Science & Cocktails: Wild plants, sex and money at the end of the world
On 12 April, Carsten Smith-Hall, Professor in Forest and People in Developing Countries at Department of Food and Resource Economics, will give the lecture Wild plants, sex and money at the end of the world.
How are wild plants important to people’s survival in the Global South? Can wild plants help rural families to escape poverty? How is this playing out in remote mountain areas - how does sex in China drive the transformation of agrarian societies in the Himalayas? Is trade in wild plants driving species to the brink of extinction? Are rural poor harvesters getting a fair share of the trade profit?
Globalisation is a term which everyone is used to hearing but do we grasp what it actually entails? How is our consumption of a can of tuna which we buy in the supermarket dependent on other people’s economies in another part of the planet? Globalisation is reducing the importance of physical distance on earth, for instance through changes in communication and transport and this has led to the interconnectedness of people’s consumption behaviour and livelihoods across geographies.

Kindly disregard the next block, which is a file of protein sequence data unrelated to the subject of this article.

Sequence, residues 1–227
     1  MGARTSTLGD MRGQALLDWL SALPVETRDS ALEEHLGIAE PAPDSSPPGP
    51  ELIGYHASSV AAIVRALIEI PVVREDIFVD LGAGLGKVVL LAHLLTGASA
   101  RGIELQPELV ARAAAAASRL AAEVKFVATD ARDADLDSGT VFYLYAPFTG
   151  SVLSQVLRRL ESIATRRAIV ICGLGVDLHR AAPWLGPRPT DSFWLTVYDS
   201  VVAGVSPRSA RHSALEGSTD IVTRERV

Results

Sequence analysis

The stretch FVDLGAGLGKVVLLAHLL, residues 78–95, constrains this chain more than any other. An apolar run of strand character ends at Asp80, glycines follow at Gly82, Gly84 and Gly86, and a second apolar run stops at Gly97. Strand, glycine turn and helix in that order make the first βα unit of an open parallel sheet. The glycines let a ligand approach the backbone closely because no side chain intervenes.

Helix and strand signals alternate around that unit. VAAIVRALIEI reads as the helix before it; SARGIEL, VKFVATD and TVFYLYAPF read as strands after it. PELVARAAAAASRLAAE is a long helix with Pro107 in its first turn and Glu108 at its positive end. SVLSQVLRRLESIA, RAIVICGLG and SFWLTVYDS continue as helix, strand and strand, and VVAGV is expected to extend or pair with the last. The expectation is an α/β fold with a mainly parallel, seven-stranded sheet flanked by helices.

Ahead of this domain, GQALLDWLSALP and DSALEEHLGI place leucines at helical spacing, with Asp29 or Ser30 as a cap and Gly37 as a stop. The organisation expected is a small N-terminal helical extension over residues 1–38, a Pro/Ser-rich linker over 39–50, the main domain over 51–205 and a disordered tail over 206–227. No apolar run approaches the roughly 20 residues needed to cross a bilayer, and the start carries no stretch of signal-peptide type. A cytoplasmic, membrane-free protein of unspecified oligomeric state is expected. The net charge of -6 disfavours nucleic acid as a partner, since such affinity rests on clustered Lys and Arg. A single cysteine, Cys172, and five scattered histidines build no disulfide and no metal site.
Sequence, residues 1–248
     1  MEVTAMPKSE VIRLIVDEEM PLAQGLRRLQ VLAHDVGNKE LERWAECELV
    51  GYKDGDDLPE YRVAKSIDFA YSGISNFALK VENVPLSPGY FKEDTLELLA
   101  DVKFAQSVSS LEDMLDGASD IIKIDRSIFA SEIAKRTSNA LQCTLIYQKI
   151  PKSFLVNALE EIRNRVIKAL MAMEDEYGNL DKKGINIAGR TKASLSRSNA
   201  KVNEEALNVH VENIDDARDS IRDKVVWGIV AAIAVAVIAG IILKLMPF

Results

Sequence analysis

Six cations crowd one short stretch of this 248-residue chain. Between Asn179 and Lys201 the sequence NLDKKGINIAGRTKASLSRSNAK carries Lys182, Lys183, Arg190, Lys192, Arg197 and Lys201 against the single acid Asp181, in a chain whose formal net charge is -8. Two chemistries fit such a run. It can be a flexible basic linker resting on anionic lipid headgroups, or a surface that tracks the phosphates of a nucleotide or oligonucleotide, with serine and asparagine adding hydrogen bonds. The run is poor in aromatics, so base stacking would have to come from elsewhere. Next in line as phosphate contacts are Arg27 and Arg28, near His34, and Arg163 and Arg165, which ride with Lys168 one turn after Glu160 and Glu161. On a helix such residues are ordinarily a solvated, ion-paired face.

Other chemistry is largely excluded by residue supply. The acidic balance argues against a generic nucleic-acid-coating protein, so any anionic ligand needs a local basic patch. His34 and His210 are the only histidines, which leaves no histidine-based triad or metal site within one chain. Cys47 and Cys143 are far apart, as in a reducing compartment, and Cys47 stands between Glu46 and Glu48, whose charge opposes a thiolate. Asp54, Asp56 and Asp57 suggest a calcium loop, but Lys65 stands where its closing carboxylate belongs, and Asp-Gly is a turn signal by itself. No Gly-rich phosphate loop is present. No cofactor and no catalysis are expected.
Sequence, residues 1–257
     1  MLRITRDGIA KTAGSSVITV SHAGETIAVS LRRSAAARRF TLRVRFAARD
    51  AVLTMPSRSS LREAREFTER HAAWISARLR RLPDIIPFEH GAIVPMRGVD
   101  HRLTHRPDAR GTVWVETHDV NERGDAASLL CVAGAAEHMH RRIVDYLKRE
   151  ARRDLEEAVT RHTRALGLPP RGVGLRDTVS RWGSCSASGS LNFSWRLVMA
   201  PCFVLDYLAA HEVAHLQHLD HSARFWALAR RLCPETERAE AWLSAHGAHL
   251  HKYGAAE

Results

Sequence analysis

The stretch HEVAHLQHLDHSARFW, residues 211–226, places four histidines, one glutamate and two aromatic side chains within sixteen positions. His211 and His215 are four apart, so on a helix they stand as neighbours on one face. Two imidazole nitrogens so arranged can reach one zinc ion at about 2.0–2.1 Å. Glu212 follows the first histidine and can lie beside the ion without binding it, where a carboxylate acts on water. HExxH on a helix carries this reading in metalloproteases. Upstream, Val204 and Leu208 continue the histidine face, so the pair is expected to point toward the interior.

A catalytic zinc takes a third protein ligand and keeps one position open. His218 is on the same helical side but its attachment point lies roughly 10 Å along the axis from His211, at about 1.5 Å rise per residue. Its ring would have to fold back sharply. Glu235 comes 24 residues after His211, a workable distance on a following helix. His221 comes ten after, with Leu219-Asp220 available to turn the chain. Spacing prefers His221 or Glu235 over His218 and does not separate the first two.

Plants are important to each single person on the planet. Carsten Smith-Hall will present research documenting the economic importance of wild plants to rural households in the Global South. Focusing on commercial medicinal plants from the Himalayas, he will show how increasing household incomes in China and India are fuelling demand for plants harvested in high altitude rural villages and how this is changing people’s way of living.
Afterwards, dry-ice cocktails and the Søvnterapeuterne, composed of the human acid-trip Mikkel Bajer in cahoots with emotion-pathologist Charlie Andersen, will recreate some of their self-effacing shortcuts to higher self-awareness of life's fine knife edge with the help of the death-violin and trance-guitar.
Find more information on this lecture and the lectures to come at scienceandcocktails.org
Entrance to the event is free.
No registration is necessary.
Doors open at 19:00.
It is advisable to come early, as there is limited space, and the lectures are very popular.
The main part of the text on this page is from this site.
University of Copenhagen is not involved in the planning or organizing of Science & Cocktails. The scientists participating are volunteering their time and knowledge.
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